March 16th, 2003

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Voting on the Title of a Mail Poetry Call

Today I'd like to "kick off" the first step in designing my Mail Poetry call, but I need some help from my readers. What is "Mail Poetry", you ask? Stated simply, "Mail Poetry" is a form of mail art. Mail art is too big a concept for one little voice like me to set out the definitive definition. Stated too simply, it is art exchanged through the mail, either one to one or in response to "mail art calls". The concept goes much further than that. For most of us who do it, mail art is an effort to "go around" the traditional ways in which art and culture are shared in our society. Mail art is not about galleries, making money, or making judgments about others. For many of us, and especially for me, mail art is not about talent, but instead about the idea and the earnest effort. I believe that all personal expression in this mode seeks what I pretentiously capitalize and call "The Experience" or the Moment, that point of aesthetic departure from the land of mundane triumphs and despairs into the land of fascinating, and yet sometimes transforming or devastating, daydreams.

I have participated in a goodish number of mail art calls, but I have never run a mail art call. Meanwhile, my first choice for personal expression is usually poetry. Why poetry?, one might ask (particularly one who has read my poems). For me, poetry exemplifies so much of the opportunity to achieve interpersonal connection, without the baggage of a marketplace or a coherent aesthetic establishment against which to rebel. Poetry doesn't sell,and nobody agrees on what is truly good (though we sometimes agree on what is truly awful). Certainly, not all poetry is "created equally", but I've found that I've enjoyed most of all in a mail art vein those poetry exchanges I've done with others. I love the idea of putting one's heart into a poem without any thought of publication, money (which is good, because nobody makes any), academic approval or the other hallmarks of "art as commodity".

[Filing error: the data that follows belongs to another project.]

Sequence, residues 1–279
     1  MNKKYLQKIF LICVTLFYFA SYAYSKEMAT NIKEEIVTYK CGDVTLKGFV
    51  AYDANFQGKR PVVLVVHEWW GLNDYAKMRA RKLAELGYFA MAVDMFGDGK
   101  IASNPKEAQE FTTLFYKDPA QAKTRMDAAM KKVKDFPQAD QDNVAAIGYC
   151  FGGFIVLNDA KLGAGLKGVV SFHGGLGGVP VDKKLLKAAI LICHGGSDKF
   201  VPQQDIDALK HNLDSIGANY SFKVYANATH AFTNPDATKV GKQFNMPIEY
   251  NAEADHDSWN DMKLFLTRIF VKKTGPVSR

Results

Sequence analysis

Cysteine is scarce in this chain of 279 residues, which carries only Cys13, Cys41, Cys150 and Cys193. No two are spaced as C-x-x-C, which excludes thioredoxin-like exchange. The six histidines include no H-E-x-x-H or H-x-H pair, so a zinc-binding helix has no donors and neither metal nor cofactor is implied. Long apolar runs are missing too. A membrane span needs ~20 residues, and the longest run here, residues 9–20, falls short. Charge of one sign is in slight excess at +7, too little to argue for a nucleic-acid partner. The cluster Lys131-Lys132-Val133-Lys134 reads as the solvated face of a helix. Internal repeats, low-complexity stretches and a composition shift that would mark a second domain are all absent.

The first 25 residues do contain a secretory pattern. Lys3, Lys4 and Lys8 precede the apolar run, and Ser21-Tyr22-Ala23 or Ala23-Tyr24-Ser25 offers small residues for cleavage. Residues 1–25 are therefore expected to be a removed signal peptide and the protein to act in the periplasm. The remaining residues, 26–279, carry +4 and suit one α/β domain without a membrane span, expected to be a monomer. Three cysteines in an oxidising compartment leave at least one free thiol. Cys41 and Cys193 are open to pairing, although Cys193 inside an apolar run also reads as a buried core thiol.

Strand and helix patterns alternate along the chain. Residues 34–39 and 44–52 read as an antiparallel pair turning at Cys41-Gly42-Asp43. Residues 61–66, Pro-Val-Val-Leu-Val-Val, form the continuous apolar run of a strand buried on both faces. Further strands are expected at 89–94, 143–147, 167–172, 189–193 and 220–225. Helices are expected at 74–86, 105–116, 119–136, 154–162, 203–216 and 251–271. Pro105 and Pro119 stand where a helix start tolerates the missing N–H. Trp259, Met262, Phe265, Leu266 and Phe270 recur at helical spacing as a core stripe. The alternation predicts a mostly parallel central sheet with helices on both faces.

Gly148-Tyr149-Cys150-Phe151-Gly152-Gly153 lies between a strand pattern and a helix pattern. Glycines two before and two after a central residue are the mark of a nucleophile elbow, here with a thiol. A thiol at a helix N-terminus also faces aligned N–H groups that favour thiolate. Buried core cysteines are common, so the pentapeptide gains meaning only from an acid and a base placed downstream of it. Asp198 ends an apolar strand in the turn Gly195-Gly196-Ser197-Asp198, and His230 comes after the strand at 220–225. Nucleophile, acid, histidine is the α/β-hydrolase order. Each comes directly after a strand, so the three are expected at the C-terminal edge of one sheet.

marstokyo suggested some time ago that I sponsor a Mail Poetry call. I thought this a fantastic idea. I am all about bad poetry, shared effusively, both as reader and as poet. In Mail Poetry, one solicits the individual contribution of the individual artist, in the form of a poem. No restrictions will be placed on the poem, other than on perhaps paper size. There will be no "judging", no prizes, no return of submissions, no recognition in any "big" way. In some way, I will get these poems "out", but how I do it will depend on the quantity of response. In every event, there will be some public "Moment", whether it is a public reading, a booklet, or some other mode, and in every event, each person will receive documentation of his or her contribution in the project.